Nutrition programs face cuts under sequester
by Jay Sjerven
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WASHINGTON — Nutrition programs whose federal funding is categorized as discretionary and, therefore, at risk under the sequestration, were bracing for a cutback in services to the poor after March 1.
A fact sheet issued by the White House on Feb. 8 to warn of the probable effects of the sequestration asserted approximately 600,000 women and children would be dropped from the U.S. Department of Agriculture’s Special Supplemental Nutrition Program for Women, Infants, and Children (WIC) from March through September 2013. Additionally, at least 1,600 state and local jobs connected to the providing of WIC benefits may be lost as a result.
WIC provides nutritious foods, nutritional education and referrals to health and other social services free of charge to participants. WIC serves low-income pregnant, postpartum and breastfeeding women, and infants and children up to the age of five who are at nutrition risk. During fiscal year 2011, the number of women, infants and children receiving WIC benefits each month averaged almost 9 million.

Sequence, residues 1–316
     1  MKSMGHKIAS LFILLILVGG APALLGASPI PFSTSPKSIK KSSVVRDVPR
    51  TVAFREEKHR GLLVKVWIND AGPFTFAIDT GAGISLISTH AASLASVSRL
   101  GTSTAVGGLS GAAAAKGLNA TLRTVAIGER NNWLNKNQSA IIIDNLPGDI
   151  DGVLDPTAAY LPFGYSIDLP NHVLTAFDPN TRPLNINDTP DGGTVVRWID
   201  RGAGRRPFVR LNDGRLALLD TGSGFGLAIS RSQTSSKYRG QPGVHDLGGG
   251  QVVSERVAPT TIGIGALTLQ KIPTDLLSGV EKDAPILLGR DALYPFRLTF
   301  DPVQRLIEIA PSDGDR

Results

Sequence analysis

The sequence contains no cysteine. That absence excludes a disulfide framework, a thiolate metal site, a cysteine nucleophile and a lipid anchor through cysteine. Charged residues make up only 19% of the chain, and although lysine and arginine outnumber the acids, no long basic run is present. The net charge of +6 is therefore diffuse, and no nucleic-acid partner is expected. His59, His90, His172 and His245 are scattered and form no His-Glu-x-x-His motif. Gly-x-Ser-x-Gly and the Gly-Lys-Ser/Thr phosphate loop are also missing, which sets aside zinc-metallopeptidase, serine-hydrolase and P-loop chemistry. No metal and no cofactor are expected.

Federally assisted programs like Meals on Wheels would be able to serve 4 million fewer meals to seniors, according to the White House fact sheet. These meals contribute to the overall health and well-being of participating seniors, including those with chronic illnesses that are affected by diet such as diabetes and heart disease, and frail seniors who are homebound, the White House said. The meals may account for 50% or more of daily food for the majority of home-delivered participants.